With all that said lets talk about a few additions. Obviously you will need something to cover you on cool nights. I personally carry a light guide style sleeping bag rated for 50 degrees (Mainly because of compression size)and or for expected cooler weather I will add an Italian Military wool blanket. These is a little sacrifice for weight but if you are well versed in One Blanket Tricks, a separate article, they can be used for many purposes and provide a lot of comfort. The other advantage to wool is it holds in warmth even when wet. To round out sleeping comfort I carry a Wilderness Handy Shelter (See Handy Shelter Article). Other additions to my pack for treks are 1 extra pair of wool socks, 1 fleece pullover, 1 pr Under Armor Shorts, and 1 MRE (US Meals Ready to Eat) purchase On-line or at surplus stores. If the trek will be extended to 2-3 days I add another pair of UA Shorts, 1 MRE, and 1) 8 ounce NAGLENE bottle of Cream of Wheat (Instant). Sometimes I will add a Multi Fuel Stove in dry areas or fire restricted zones.

This material cannot be reproduced or posted on any other web site without expressed permission from Wilderness Outfitters or Dave Canterbury

Thanks for reading,


Tuesday, March 04, 2008

Estimating Angles by Hand

When in the wilderness you sometimes need to take measurements and may not have the necessary tools in your pockets or pack. Fortunately we're equipped with tools for estimation--our hands.

Taking some time to measure the length of your finger, the distance from thumb to index finger, etc. can pay off when you need to estimate the size of a peak, a tree, or a distant object.

Today we're going to look at angles and their use in estimating available sunlight.

Holding your hand parallel to the horizon you can get a fairly accurate estimate of how much daylight is left by working your way from the horizon to the sun. Each four-finger width is approximately one hour which makes each finger approximately 15 minutes. This is an important skill to have when you are going to be prioritizing shelter building, firewood collection, fire building, etc.

2 degrees or 15 minutes
4 degrees or 30 minutes
6 degrees or 45 minutes
15 degrees
20 degrees
8 degrees or an hour

Using these estimates and a bit of math you can also calculate distance. A finger held at arm's length covers approximately 2 degrees, two fingers approximately 4 degrees, and so on. To estimate your distance from an object of known width or distance use this formula:

width or distance in feet / 100 X angle = approximate distance in miles.

As an example:

You know a particular tree to be four feet in width and, from your current position, with a hand held at arm's length, you can cover that tree with a single finger (2 degrees.)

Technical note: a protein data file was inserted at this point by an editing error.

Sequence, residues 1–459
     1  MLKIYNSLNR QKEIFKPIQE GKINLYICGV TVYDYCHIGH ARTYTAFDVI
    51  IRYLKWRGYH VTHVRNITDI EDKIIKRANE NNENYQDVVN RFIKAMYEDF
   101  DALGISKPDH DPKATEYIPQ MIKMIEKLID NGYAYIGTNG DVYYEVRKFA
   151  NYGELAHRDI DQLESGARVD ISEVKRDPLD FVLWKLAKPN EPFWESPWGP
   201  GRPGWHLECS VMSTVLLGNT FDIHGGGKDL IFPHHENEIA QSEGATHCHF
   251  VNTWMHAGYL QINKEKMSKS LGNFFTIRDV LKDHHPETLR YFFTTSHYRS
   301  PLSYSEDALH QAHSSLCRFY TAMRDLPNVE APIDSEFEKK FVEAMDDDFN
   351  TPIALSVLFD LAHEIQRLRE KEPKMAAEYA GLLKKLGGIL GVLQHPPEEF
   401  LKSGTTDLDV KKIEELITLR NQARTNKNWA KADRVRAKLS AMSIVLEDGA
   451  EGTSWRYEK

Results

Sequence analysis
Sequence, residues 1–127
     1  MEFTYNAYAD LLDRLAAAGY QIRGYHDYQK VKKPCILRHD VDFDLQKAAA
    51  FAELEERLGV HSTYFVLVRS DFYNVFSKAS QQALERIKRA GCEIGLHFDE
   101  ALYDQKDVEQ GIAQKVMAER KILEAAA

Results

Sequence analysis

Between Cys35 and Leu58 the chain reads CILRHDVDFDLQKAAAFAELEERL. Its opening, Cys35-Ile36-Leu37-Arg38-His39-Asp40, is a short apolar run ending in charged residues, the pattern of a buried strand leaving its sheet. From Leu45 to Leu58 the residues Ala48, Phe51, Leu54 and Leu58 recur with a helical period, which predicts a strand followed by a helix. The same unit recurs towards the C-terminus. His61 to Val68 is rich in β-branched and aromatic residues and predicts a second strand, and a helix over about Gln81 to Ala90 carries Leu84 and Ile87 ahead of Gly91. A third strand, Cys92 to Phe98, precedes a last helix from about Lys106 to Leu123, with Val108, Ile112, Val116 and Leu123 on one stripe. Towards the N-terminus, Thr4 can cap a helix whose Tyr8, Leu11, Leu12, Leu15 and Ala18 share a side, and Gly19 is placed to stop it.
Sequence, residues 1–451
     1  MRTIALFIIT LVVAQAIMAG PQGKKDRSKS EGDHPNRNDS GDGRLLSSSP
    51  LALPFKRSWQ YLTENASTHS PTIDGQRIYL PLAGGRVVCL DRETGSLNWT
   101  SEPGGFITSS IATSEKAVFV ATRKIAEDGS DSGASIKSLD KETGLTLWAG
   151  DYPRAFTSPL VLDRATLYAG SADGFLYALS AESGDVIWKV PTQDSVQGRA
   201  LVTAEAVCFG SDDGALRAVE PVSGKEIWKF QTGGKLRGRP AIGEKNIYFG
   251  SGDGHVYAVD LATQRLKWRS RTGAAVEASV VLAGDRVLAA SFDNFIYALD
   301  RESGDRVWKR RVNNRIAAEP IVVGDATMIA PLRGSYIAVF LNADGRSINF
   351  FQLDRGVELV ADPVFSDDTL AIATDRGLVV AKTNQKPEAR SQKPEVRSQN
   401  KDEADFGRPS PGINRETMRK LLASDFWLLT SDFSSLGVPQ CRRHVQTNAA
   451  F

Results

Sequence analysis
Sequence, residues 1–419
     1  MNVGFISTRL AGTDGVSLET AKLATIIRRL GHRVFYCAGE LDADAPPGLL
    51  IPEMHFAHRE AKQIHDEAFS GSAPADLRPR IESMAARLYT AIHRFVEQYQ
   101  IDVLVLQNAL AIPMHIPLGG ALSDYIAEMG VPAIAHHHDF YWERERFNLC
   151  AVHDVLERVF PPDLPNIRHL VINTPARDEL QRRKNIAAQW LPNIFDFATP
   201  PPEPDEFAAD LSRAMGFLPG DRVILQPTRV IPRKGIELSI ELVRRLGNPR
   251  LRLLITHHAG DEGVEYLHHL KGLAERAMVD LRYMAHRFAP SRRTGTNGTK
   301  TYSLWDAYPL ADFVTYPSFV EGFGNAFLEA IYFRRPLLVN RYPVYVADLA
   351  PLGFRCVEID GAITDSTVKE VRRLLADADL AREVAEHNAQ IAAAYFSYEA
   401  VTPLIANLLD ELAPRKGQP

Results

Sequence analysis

Using the formula, 4 (feet in width of the tree) / (100 X 2) = .02

or 2/10 of a mile to the tree.

A "handy" (yes, pun intended) method of calculating distance and hours of remaining daylight don't you think?

Thanks for reading,


Monday, March 03, 2008

What a Change

With temperatures in the mid-50s yesterday we're possibly seeing the end of a very snowy, very cold winter. Today's rain is finishing off what little snow remained.

Our snow shelter/igloo is long gone and the green grass is poking out of the once foot-deep snow.

Is this the end of winter? I doubt it.

It seems like every year we get a warm-up like this, people think winter is over, and then we get hit with another brutally cold and/or snowy spell. Mother Nature is like that.

We actually pulled out the grill yesterday and did some outdoor cooking. Of course I'd be tempted to grill in a snowstorm if I could get the grill up to temperature...

If this is the end of winter we should start to see more animal activity and I'll have a better idea of just what we've got living in the woods behind the house.

Either way there are plenty of adventures ahead.

Thanks for reading,


Sunday, March 02, 2008

Wilderness Outfitters Versa Shelter

Many of you know that I spend some time each week looking at new bushcraft videos on YouTube. This past week I found a series of videos from Wilderness Outfitters Archery detailing the various components, construction, and setup options for the Versa Shelter.

I think this is a very clever setup and, being a guy who carries a bedroll with similar components, find the recommended components to be welcome additions. I plan on running out to Home Depot to pick up one of the heavy duty tarps to replace my space blanket and a couple of bungie cords to complement my cordage.

Part 1:

Part 2:

Part 3:

Part 4:

Give these videos a look.

Thanks for reading,